Draft laws to make business owners and managers who engage in serious cartel conduct vulnerable to jail sentences were released by Assistant Treasurer Chris Bowen on Friday.
Individuals who commit the criminal offence of serious cartel conduct will face jail terms of up to five years and fines of up to $220,000 per offence.
Penalties of up to $10 million per offence, 10% of turnover or three times the value of any unfair benefit obtained, which already exist in the Trade Practices Act, will apply to businesses involved in cartel activity.
The draft legislation would also create a dedicated civil offence of cartel behaviour that would expose individuals to fines of up to $500,000.
Calls to increase penalties to include jail terms for individuals engaged in cartel conduct increased after Visy chairman Richard Pratt was fined $36 million for his part in cartel arrangements with Amcor, a penalty many considered insufficient given his billion-dollar personal wealth.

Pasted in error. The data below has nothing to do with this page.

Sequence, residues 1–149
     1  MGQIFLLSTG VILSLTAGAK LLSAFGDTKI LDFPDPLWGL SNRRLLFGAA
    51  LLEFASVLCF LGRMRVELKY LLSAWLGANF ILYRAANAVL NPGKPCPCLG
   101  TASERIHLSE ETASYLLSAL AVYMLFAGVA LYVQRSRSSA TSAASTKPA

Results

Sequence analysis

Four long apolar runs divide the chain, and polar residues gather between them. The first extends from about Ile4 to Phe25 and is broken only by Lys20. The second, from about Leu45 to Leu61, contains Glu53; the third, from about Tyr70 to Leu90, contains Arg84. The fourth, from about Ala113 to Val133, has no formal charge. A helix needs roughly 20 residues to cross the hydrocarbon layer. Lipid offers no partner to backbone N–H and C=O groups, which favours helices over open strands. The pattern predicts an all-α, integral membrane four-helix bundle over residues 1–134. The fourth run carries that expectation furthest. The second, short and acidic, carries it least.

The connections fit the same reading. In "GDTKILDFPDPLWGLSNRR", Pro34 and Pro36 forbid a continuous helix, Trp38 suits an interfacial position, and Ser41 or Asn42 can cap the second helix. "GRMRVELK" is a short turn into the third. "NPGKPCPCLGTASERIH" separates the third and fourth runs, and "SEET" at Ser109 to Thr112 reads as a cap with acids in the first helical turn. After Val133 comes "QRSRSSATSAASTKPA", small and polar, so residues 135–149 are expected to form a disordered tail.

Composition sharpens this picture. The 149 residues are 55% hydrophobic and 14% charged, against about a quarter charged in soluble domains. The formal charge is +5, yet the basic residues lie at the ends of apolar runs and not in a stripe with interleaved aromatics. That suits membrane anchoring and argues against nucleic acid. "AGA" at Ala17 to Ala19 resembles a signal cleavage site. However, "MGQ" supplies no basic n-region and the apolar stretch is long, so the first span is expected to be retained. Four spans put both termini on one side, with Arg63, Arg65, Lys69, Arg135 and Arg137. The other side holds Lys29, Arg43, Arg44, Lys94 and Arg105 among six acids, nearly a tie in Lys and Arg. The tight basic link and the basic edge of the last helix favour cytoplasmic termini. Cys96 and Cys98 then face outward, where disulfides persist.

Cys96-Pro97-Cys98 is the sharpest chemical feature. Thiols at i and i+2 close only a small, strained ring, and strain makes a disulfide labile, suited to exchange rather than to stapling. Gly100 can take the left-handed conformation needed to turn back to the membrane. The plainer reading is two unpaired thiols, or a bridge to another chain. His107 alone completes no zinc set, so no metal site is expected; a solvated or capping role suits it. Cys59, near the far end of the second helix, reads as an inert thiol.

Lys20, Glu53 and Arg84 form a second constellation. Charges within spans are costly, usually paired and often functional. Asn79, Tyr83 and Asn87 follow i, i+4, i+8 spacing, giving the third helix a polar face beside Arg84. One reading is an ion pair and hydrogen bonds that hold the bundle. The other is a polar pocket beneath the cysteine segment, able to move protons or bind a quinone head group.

The draft legislation proposes creating two new criminal offences, one for a person who forms a cartel arrangement with the intention of dishonestly obtaining a benefit and one for a person who gives effect to such an arrangement.
“The Government intends to criminalise serious cartel conduct to send a very clear message to the business people who engage in such behaviour. Cartel activity is theft; it’s a form of stealing from consumers,” Bowen says.
“While these reforms are a vital step in promoting competitive markets they also provide important protection for small businesses and consumers who are often the ones who bear the cost of cartel conduct,” he says.